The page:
The paper by Deborah Kelemen and colleagues, just published in the journal Psychological Science, reports studies in which children worked through a 10-page storybook about fictional "pilosas" and how they changed from having highly variable trunk widths to predominantly thin trunks today.

In an email conversation, Kelemen explained some of the background to the studies as follows:

There have been a slew of education studies over the past 30 years indicating that adults don't tend to understand adaptation even after instruction. This is often because they maintain inaccurate teleological ideas that natural selection transforms animals to give them the body parts they need or animals transform themselves through their own efforts.

These kinds of misconceptions, which focus on change within individuals, are extremely effective at shutting down an ability to accurately see natural selection as a population-based process.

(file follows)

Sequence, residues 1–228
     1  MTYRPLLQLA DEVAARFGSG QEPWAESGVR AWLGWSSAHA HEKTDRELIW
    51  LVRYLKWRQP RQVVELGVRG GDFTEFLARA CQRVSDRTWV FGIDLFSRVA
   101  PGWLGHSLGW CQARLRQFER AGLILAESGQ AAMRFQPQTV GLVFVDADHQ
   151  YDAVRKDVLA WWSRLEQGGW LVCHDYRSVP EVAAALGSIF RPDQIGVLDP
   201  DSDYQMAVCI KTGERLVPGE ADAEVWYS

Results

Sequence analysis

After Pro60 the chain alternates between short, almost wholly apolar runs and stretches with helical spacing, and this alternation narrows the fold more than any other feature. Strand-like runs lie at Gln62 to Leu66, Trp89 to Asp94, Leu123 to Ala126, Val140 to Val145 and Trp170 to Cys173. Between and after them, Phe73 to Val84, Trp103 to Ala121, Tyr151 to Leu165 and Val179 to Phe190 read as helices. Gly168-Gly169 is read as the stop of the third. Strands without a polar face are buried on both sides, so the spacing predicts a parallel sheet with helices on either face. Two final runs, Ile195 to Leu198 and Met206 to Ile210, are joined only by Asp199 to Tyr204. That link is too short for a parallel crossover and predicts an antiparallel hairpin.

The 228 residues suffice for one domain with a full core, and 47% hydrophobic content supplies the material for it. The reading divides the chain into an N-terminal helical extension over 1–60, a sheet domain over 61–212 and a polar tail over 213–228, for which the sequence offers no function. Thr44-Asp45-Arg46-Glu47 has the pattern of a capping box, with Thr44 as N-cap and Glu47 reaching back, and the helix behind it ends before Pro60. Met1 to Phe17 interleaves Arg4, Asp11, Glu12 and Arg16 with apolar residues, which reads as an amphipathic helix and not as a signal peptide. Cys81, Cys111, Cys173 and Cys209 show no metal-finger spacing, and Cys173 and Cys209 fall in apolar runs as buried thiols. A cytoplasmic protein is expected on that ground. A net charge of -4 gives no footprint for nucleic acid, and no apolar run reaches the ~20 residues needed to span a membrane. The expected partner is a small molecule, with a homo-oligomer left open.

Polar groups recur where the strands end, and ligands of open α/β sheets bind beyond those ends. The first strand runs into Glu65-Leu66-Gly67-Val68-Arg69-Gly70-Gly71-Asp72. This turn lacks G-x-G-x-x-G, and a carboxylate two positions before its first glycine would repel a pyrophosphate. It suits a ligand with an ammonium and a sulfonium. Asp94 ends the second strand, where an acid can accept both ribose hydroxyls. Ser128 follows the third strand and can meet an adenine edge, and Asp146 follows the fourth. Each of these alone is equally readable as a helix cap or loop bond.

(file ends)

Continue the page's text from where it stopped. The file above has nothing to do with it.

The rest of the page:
In other words, people tend to think of evolution as a goal-directed process that changes individual organisms rather than a selective process that changes the makeup of a population of organisms over successive generations. To illustrate this crucial difference (and to test your own scientific literacy for good measure!), consider this question from an assessment of evolutionary understanding developed by psychologist Andrew Shtulman:

A youth basketball team scores more points per game this season than they did the previous season. Which explanation for this change is most analogous to Darwin's explanation for the adaptation of species?

(a) Each returning team member grew taller over the summer.

(b) Any athlete who participates in a sport for more than one season will improve at that sport.

(c) More people tried out for the same number of spots this year.

(d) On average, each team member practiced harder this season.

The correct answer is the third. But the others may be compelling because they exemplify plausible — but inaccurate — mechanisms by which biological adaptations could arise: by a process analogous to growth (option a), to a change in strength or force (option b), or to intentional action (option d), the process that figures in many of Kipling's "just so" stories.

Current-day Wilkies (right) and ancestral Wilkies (left), fictional creatures from a study by Kelemen et al. (2014).